The human brain is the most complicated object we know of in the entire universe. Understanding how the human brain works will likely lead to the most significant advancements in the human race and quite possibly the genesis of a new intelligent species.
One of the most promising paths to understand the human brain is via full brain emulation through neural networks software. It’s a fascinating new idea and actually seems attainable in the relatively near future.
The Vastness of the Human Neural Graph
The human brain is a vast network of interconnected neurons. The human brain is composed of 86 billion neurons. Each neuron on average is connected to 10,000 other neurons through synapses. Synapses enable neurons to communicate with other neurons through electrical and chemical signals. In total, the human brain comprises a neural network of roughly 100 trillion synapse connections.
By comparison, the last known size of the entire Google Knowledge Graph was only a mere 570 million nodes connected through 18 billion facts (or connections). That’s only a mere 0.000018% of the neurological graph size of the human brain.
The Human Connectome Project
The human brains 100 trillion neural connections are not, however, connected randomly. How each of the 86 billion neurons is connected to 10,000 other neurons is what actually defines the mapping of the brain. These connections determine our behavioral health, intelligence, emotions, and are definition of consciousness.
Researchers are attempting to determine how each individual neuron is actually connected to build that map. That is the goal of The Human Connectome Project and the NIH’s BRAIN initiative announced by president Obama in April of 2013.
Mapping the human brains neural network is a massive undertaking but similar to the Human Genome project it’s simply a matter of engineering scale. The basic principle involves the automated slicing and scanning of the brain. Not an easy task and significant bioengineering challenges remain unknown. However, it’s a task that could be conceivably completed in next decade or two.
Emulating a Human Brain
Once we actually have the pathways of the human brains neural network defined, what do we do with it? That’s where emulation comes into the picture.
I’m a huge classic 80’s arcade game fan. I remember the excitement when I found out I could actually play almost all of those old games on my Mac using a program known as MAME.
It turns out the actual programming of all of those old large arcade cabinet games are stored on something called a ROM chip. These chips contained the entire code of the game. MAME is a software program that permits these games to be run on todays computers by simulating the old arcade computer that surrounded the original ROM chips. This is the process of emulation.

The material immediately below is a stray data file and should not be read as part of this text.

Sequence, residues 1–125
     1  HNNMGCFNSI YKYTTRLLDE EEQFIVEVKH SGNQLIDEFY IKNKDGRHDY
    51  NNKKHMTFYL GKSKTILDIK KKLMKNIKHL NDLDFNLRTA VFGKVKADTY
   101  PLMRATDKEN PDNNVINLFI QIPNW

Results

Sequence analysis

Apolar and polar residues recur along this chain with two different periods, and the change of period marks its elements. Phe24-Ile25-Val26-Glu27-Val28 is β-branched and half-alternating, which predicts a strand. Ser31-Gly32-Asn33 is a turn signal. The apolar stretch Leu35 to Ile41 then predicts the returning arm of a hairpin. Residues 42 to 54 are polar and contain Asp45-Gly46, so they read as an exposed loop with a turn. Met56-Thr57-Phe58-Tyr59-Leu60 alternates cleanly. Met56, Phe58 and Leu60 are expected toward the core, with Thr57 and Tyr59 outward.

That same process of emulation can also be applied to the neural network model of the brain. By simulating the brains inputs of vision, hearing, and touch to the input neurons the neurological model acts and behaves just like a real human brain.
It’s a process that has already been tested at least in terms of scale. On August 8, 2013 the Japanese super computer “K” simulated a network of 1.73 billion neurons and 10.4 trillion synapses (a mere 1% of the actual human brain). The project used randomly generated neurons, since the actual human mapping is not known yet.
However, the scale of the emulation problem of the human brain is the important part. In order to simulate a mere 1 second of “biological” brain time, the K super computer (currently the fourth fastest computer in the world) took 39 minutes of actual processing time. The emulation used over 80,000 processors and consumed almost 1 petabyte of memory.
The Path to Artificial Intelligence
The results of such emulations demonstrate the incredible power and complexity of the human brain given the enormous amount of processing time required to emulate simply 1 second of 1% of the human brain. Full-scale computational emulation will require exa-scale super computers, which should be realized by 2020.
Assuming that that the human neural network can be fully mapped by then we may be less than a decade away from full brain emulation. If the Japanese “K” supercomputer can simulate 1 second of 1 percent of the human brain in 39 minutes, then all we need to do is to build a super computer that is 234,000 (100*39*60) times faster than “K” to simply achieve human standards. Given the growth of super computing power, that’s rather likely to achieve at some point not too far off.
While the benefits of full brain emulation to human health and cognitive abilities are clear, it raises some very important questions such as “Is it alive?” and “Does it think?”.
What if it can be made smarter? Why not “tune” it up a bit? What if it can just think faster than us?
Full brain emulation is currently the most promising path toward true artificial intelligence. Indeed, it’s almost straightforward which gives it such a high likelihood to succeed. The critical question we need to truly understand is will we survive it?